by Bret Contreras January 04, 2012
Chances are you have family members and friends who don’t perform resistance training. This is unfortunate given that lifting weights has been shown to be rather important for overall health and well-being. Many individuals struggle to find the necessary time and energy to devote toward physical fitness and health. You may wish to forward the link to this article to these folks in an attempt to change their minds.
In 2007, The ACSM and AMA released their updated physical activity and public health recommendations for adults. Here are some of their recommendations (click HERE to download the pdf):
1. To promote and maintain good health, adults aged 18–65 yr should maintain a physically active lifestyle.
2. They should perform moderate-intensity aerobic (endurance) physical activity for a minimum of 30 min on five days each week or vigorous-intensity aerobic activity for aminimum of 20 min on three days each week.
3. Combinations of moderate- and vigorous-intensity activity can be performed to meet this recommendation. For example, a person can meet the recommendation by walking briskly for 30 min twice during the week and then jogging for 20 min on two other days.
4. These moderate- or vigorous intensity activities are in addition to the light intensity activities frequently performed during daily life (e.g., self care, washing dishes, using lighttools at a desk) or activities of very short duration (e.g., taking out trash, walking to parking lot at store or office).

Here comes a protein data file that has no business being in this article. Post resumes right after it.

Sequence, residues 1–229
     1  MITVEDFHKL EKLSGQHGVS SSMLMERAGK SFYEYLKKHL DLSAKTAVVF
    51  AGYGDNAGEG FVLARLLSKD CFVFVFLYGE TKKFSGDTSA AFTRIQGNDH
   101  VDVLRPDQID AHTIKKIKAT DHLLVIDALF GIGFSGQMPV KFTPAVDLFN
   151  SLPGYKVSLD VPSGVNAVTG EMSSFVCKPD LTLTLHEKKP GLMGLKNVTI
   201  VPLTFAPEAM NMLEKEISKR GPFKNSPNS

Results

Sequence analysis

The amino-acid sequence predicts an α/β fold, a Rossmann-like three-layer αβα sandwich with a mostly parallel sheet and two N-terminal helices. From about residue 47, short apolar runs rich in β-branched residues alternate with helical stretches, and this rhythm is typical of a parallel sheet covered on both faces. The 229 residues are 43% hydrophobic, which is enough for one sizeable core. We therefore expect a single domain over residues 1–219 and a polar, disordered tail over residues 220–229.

5. Moderate-intensity aerobic activity, which is generally equivalent to a brisk walk and noticeably accelerates the heart rate, can be accumulated toward the 30-min minimumby performing bouts each lasting 10 or more minutes.
6. Vigorous-intensity activity is exemplified by jogging, and causes rapid breathing and a substantial increase in heart rate.
7. In addition, at least twice each week adults will benefit by performing activities using the major muscles of the body that maintain or increase muscular strength and endurance.
8. Because of the dose-response relation between physical activity and health, persons who wish to further improve their personal fitness, reduce their risk for chronic diseases and disabilities, or prevent unhealthy weight gain will likely benefit by exceeding the minimum recommended amount of physical activity.
Based on these associations’ recommendations, adults should seriously consider strength training at least two days per week.
Many review papers elucidate the specific health benefits of strength training. Winnett and Carpinelli (2001) and Pollock and Vincent (1996) have listed multiple potential health-related benefits of strength training (click HERE and HERE to download the pdf’s), including: